SLY wit, superb draftsmanship, exquisite color, and a delightfully iconoclastic attitude characterize John Wilde's art. It is pristine, fanciful, and provocative, and so small that many of his paintings could fit into a woman's purse.
Above all, it is modest and unassuming and prefers to speak softly and with gentle grace. If 20th-century art is seen as a huge, overgrown garden with every flower and weed under the sun competing desperately for attention, then Wilde's paintings and drawings would be a cluster of violets shyly making their presence known in a quiet corner.
This modesty, however, must not be mistaken for weakness or for a lack of having anything to say. At their best, his works pack a punch that paintings 10 times their size often fail to achieve. Size and aggressive attitude aren't everything, after all, even in today's rather confused and confusing museum and gallery world. We still realize the importance of Paul Klee, even though his pictures are generally tiny and fragile, and our respect for Blake, Redon, and Tobey hasn't noticeably diminished though their work is intimate and small.
In Wilde's case, however, several other factors set his creative efforts apart from what the rest of the art world is producing. They are his lyrically representational style, which draws its inspiration both from acute observation and early Flemish and Italian Renaissance sources; his consistent, rigorously controlled technique; and his bemused, sardonic view of the world.
Combined, these qualities result in pictures unlike any others seen today. In fact, to some purists, Wilde's paintings stand so far apart from current fashions and trends that they hardly even qualify as art.
What utter nonsense! As though truth in art - or in any other area of human endeavor - depended upon conformity to a particular style or language.
I wonder when we'll learn that art is one of the best means for removing the cobwebs from our minds, the film from our eyes, and the vulgarities that tarnish our sensibilities. Perhaps we will learn this, once we realize that every true, nonconforming artist's work gives us a unique glimpse into the richness of life, one more lens to perceive the universe within and around us. And that to reject out of hand the art and the vision of others is much the same as drawing all the blinds and nailing shut all the doors of our homes.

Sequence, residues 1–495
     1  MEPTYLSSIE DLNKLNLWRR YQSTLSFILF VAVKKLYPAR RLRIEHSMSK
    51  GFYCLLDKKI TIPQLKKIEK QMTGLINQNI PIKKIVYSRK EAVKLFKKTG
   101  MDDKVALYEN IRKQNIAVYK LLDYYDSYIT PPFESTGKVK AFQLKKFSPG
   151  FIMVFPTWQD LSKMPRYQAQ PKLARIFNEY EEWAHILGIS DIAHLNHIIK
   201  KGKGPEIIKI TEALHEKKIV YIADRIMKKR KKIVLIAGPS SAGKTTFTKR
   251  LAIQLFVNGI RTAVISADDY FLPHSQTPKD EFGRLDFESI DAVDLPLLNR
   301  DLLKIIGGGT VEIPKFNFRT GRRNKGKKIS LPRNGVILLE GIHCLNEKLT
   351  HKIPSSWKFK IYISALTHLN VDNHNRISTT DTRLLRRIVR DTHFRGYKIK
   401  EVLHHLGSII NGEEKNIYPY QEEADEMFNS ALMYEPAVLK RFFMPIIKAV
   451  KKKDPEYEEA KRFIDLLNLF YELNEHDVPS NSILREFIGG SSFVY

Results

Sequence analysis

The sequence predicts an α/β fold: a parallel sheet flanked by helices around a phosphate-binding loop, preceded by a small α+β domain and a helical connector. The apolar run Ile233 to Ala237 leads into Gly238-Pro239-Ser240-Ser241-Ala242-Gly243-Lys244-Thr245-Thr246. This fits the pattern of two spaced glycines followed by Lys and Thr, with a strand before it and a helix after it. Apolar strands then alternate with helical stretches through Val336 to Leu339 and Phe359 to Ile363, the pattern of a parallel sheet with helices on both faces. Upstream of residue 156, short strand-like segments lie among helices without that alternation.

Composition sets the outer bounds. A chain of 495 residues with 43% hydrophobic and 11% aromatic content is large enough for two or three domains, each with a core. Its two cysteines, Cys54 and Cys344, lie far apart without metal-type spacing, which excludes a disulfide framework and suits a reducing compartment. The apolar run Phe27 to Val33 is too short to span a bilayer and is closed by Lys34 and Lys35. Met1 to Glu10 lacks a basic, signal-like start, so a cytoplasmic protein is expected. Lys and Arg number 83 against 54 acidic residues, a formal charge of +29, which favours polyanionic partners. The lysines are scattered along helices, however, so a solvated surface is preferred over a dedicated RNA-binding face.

I'll never know, for instance, who, what, or where I'd be today without the insights afforded by Rembrandt, Michelangelo, Cezanne, and dozens of other artists at various critical moments of my life.
I also owe John Wilde a great deal. His drawings taught me, while I was still an art student, that the whiteness of paper can be transformed into light and volume, that it can be manipulated in much the same way a sculptor models clay. And that paper itself need not be merely a surface upon which lines are drawn.
Not much of a lesson, surely, considering the larger problems of our day. But for me it was a crucial insight, one I wish the majority of artists whose drawings I view every day had learned.
I'm also grateful for Wilde's paintings. His ability to transform ordinary things into jewel-like images has caused me to see apples, turnips, loaves of bread, etc., in a new light. Thanks to him, I can now envision going for a walk in the country and coming upon a giant eggplant stuck in the ground. And I no longer find it strange that a huge kohlrabi should dominate a rural landscape, or that a mountain view would include the sight of Wilde himself lecturing to a frog, a dog, and a bird.
I am grateful for all such slightly out-of-kilter happenings, and for the hundreds of works he has produced in which everyday life has been shifted just enough to place it somewhere between the world of Alice in Wonderland and reality as we know it.
But art is more than fun and games, and Wilde's is no exception. His outstanding gift to me, to his thousands of former students, and to all who have been touched by what he produces, is more difficult to define. It has to do with his warmly civilized attitude toward creativity, teaching, and society, and his ability to convey his profound belief in quality and integrity.
His paintings and drawings represent standards and ideals, and insist that life is good. He and his art stand for clarity and continuity, for the perfectibility of talent and technique, and for greater self-realization. He sees no advantage in aiming for novelty or sensation or in talking about the newest or the most advanced thing. His wry and intimate still lifes, fantasies, landscapes, allegories, and figure studies may seem overly discreet when surrounded by the kind of work we are impressed by today. But a moment's study will reveal their quality, wit, and humanity, and the likelihood that they will continue to engage our imagination and sensibilities for a long time to come.